Poperinghe execution cells and shooting post

One of the lesser-known facts of the First World War was that 320 men of the British and Imperial Forces  were executed between August 1914 and November 1918 – 308 for military offences such as desertion and cowardice, and 12 for murder. No Australians serving with the AIF never met this fate, although two Australians who were serving with the New Zealand Expeditionary Force were executed.

One of the major places where these executions were carried out was in the small Belgian town of Poperinghe, located seven miles due west of Ypres. 70 executions – 50 British and 20 French were executed in the area.

During the First World War Poperinghe was the centre of a large concentration of troops, and there were many camps in the countryside around it. There was generally at least one Division billeted in the town, and it was described in a very early battlefield guide as “a [wartime] centre for recreation, for shopping and for rest”. The population before the War was about 12,000, but in 1917 there were as many as 250,000 soldiers billeted in the area. The imposing Town Hall, built in 1911, can be found on the main square. It was used as a Divisional Headquarters during the War.

Within the town hall are execution cells where some of the British soldiers condemned to execution during the Great War were kept awaiting their fate – to be shot at dawn. There were originally four cells, which were used by the police here before the war. Two of these small rooms have been restored; one with a simple pallisade bed and a lavatory bucket.

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Exterior view of Poperinghe execution cell.

Although the exact number of men shot here at the Town Hall is unknown, there is firm evidence for five. There are photographs of some of those executed on the wall, part of an artwork located here. The two small rooms have small barred windows and are very dark, even on a bright sunny day.

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Interior of Poperinghe execution cell.

The cells have brick floors, and many people have left wreaths here. On the walls are graffiti, scratched into the surface, much of which dates back to the Great War. The cells were used to hold many men who were taken into custody for a number of reasons, such as drunkeness, as well as to hold some of those awaiting execution.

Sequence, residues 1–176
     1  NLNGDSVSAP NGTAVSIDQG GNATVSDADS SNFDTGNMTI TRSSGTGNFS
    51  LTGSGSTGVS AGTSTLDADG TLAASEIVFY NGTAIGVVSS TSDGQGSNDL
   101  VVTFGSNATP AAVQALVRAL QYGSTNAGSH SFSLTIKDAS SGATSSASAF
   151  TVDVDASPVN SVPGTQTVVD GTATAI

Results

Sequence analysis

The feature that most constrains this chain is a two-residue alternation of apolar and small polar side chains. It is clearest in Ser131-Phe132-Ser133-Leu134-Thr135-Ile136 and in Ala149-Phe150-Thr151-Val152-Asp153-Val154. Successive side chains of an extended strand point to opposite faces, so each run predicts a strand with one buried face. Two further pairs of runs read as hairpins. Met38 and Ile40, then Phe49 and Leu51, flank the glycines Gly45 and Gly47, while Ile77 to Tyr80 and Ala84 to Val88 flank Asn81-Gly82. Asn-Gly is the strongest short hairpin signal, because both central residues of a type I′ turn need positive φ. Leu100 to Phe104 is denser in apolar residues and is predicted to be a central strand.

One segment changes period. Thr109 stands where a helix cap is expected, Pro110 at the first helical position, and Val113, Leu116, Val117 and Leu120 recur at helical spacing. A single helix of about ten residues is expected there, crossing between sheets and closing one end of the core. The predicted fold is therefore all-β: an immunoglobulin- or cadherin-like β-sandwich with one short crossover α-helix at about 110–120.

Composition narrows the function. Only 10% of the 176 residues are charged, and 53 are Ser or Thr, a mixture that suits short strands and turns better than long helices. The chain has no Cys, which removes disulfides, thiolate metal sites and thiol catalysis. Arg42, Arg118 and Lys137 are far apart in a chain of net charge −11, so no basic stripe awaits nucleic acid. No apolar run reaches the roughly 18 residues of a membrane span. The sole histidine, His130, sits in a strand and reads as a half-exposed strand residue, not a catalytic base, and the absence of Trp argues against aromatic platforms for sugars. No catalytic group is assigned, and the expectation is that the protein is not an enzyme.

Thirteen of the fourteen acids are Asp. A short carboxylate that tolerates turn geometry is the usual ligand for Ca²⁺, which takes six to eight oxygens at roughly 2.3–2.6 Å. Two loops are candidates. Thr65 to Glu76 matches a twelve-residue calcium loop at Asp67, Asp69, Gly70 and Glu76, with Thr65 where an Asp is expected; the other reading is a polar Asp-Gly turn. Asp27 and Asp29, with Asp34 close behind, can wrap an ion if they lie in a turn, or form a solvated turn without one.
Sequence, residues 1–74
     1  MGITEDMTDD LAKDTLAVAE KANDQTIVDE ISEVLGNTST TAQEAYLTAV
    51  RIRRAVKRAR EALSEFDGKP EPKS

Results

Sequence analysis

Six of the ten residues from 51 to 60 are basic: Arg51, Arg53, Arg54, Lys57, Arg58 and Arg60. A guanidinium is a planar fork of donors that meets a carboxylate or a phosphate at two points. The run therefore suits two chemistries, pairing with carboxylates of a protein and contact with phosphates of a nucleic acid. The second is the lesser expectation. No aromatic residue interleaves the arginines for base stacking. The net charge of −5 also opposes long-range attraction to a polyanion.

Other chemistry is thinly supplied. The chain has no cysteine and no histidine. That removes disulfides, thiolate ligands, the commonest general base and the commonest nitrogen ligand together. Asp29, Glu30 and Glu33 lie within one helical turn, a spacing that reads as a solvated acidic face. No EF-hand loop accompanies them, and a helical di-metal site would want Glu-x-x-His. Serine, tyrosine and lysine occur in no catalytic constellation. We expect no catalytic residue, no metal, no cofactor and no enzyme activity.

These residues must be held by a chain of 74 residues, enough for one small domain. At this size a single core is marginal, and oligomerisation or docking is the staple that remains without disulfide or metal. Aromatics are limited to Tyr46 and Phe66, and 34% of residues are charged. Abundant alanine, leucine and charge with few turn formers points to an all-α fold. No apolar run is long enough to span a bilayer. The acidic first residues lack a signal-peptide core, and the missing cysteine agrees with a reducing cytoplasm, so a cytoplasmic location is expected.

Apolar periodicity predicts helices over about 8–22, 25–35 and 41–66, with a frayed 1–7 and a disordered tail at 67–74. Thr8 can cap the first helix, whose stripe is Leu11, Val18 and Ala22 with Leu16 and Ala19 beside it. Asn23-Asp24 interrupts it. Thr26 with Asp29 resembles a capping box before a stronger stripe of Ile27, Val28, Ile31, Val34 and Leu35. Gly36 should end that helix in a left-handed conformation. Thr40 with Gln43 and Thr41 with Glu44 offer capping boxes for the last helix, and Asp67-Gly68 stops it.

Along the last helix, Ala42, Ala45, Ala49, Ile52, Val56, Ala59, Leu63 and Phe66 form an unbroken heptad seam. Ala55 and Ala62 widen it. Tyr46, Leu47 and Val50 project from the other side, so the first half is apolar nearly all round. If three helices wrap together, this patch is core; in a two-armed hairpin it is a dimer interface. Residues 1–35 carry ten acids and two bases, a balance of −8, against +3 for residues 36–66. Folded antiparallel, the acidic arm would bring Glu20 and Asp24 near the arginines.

In the courtyard outside stands a very grim reminder of the Great War – the post to which at least one soldier was tied before he was executed.  The execution post stands next to a large silvered panel on which a few words from a Kipling poem (The Coward) are inscribed – including the words ‘blindfold and alone’.

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Poperinghe execution post.

The executions of British soldiers during the Great War is a subject on which emotions run high. There are many viewpoints; often today the men are seen as those who simply could not cope with the horrors of warfare and were victims. However amongst those executed were murderers, and also some who had deserted many times and been given many previous chances. It is also true that some of those executed were men who deserved another chance, or who perhaps should not have been at war at all. But it is easy to judge this by the standards of our own times and forget that this was a time when the country was quite literally fighting for its future, and even in peacetime at that period the laws and punishments seem harsh to us today.

The nearby Poperinghe New British Military Cemetery has the graves of 18 executed soldiers – more than any of the many other British military cemeteries that are located along the site of the Western Front.

The book “Guide to Australian Battlefields of the Western Front – 1916-1918” by John Laffin, Kangaroo Press, Sydney, 1999, p. 196 was used as the source for this blog post.

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